On Friday, Marriott International announced a system breach that has affected approximately 500 million customers, with stolen information including names, credit card numbers, mailing addresses, email addresses, and passport numbers. The breach is one of the largest in history, after recent Yahoo breaches that compromised the accounts of nearly three billion customers.
The breach appears to have originated at Starwood hotels in 2014—two years before Marriott acquired the hotel chain, according to . “When Marriott acquired Starwood in 2016, the existing breach went undetected during the merger and for years afterward,” the noted.
Marriott says it confirmed unauthorized access to the Starwood guest reservation database on November 19, which contained guest information dating back to September 10, 2018. The hackers had allegedly copied encrypted information from the Starwood reservation database. When Marriott was able to decrypt the information, the company found that of the approximately 500 million guests that had their name and contact information stolen, a subset of 327 million had “some combination of name, mailing address, phone number, email address, passport number, Starwood Preferred Guest (“SPG”) account information, date of birth, gender, arrival and departure information, reservation date, and communication preferences.”
To make matters worse, Marriott says that credit card numbers were likely stolen as well. Although the numbers were encrypted using the AES-128 standard, Marriott says it cannot rule out that the hackers also stole the keys to decrypt the credit card number information.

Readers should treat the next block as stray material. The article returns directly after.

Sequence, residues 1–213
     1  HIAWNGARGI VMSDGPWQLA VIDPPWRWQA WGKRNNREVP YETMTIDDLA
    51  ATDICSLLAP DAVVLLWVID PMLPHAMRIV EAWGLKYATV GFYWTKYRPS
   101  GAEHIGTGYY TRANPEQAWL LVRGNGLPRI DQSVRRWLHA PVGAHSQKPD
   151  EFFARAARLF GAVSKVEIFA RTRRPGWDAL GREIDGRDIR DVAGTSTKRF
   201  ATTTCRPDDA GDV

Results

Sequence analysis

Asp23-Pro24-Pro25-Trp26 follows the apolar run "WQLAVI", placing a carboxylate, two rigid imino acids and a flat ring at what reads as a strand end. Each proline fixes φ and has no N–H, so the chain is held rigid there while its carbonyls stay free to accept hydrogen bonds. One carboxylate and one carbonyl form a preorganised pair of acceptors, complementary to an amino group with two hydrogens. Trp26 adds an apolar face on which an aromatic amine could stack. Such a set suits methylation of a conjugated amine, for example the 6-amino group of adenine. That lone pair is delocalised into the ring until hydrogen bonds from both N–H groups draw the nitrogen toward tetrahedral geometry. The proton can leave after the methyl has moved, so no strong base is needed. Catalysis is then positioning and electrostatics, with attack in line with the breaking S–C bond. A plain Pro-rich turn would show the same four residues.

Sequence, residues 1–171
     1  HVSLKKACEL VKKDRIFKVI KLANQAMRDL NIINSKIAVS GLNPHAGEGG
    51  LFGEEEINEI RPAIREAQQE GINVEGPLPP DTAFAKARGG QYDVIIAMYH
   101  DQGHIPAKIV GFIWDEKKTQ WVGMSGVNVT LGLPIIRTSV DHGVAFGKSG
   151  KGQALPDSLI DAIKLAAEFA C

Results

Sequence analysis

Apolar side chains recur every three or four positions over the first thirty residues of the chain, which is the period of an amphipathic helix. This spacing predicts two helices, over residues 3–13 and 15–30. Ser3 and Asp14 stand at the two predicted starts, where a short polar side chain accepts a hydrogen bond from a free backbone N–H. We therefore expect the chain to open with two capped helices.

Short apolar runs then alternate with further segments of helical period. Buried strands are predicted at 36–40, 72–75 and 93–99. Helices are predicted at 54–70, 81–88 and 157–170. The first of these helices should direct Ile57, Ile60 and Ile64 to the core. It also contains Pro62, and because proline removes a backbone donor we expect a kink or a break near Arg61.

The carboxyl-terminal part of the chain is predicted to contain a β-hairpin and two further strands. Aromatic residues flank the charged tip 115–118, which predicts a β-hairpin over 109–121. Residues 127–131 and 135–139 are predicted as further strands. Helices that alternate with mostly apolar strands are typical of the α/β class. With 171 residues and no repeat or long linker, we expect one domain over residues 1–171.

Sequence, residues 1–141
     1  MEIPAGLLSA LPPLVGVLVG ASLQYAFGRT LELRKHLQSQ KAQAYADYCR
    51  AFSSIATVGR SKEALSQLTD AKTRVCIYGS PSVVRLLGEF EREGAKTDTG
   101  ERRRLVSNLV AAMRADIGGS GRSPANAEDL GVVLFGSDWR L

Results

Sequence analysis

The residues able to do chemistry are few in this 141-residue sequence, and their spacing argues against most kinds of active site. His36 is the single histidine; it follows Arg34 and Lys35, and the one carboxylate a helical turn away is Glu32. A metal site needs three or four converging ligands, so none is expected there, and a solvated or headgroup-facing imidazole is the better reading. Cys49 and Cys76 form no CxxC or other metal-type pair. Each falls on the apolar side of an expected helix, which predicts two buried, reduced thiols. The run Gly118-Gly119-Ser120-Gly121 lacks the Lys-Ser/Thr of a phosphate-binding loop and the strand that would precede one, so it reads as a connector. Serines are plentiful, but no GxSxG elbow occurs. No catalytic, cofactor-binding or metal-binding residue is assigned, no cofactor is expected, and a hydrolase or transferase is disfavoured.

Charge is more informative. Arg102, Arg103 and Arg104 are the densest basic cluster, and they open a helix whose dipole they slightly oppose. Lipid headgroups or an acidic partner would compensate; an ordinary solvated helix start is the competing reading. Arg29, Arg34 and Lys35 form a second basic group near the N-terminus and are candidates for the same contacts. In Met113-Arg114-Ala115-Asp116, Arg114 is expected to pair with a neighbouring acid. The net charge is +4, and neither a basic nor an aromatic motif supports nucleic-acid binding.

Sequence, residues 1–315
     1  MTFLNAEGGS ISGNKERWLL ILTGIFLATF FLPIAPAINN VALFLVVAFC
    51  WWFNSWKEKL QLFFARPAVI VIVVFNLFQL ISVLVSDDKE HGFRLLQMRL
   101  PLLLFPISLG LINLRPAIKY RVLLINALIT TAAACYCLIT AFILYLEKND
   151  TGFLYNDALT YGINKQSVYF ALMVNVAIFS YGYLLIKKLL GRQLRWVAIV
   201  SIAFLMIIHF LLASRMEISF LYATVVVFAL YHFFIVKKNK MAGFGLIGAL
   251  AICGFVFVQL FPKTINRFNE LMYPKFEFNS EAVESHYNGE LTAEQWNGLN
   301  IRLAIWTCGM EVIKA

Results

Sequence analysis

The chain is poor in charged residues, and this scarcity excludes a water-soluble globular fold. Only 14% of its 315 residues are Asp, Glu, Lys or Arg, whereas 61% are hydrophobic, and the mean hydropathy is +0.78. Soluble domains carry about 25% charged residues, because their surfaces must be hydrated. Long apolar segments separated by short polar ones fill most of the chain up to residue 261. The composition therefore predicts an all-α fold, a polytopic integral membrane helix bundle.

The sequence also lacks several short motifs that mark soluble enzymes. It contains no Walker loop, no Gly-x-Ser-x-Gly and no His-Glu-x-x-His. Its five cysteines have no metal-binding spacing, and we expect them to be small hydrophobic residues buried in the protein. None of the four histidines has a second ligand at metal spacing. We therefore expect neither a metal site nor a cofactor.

“We deeply regret this incident happened,” Arne Sorenson, Marriott’s president and chief executive officer, said in a statement. “We fell short of what our guests deserve and what we expect of ourselves. We are doing everything we can to support our guests, and using lessons learned to be better moving forward.”
Starwood brand hotels that may have been affected include W Hotels, St. Regis, Sheraton Hotels & Resorts, Westin Hotels & Resorts, and more.
The noted that it’s unclear whether the hackers were “criminals collecting data for identity theft or nation-state spies collecting information on travelers worldwide, including possibly diplomats, business people, or intelligence officials as they moved around the globe.” Proprietary Wi-Fi at these hotels could be a vector of attack. In 2015, before Marriott had acquired Starwood Hotels, the company briefly tried to block guests’ personal hotspots at some properties in order to force their guests to pay for the Marriott proprietary Wi-Fi network. The Federal Communications Commission (FCC) ordered Marriott to stop that practice.
In 2016, 20 locations including Starwood and Marriott hotels suffered a separate breach costing tens of thousands of customers their credit card numbers.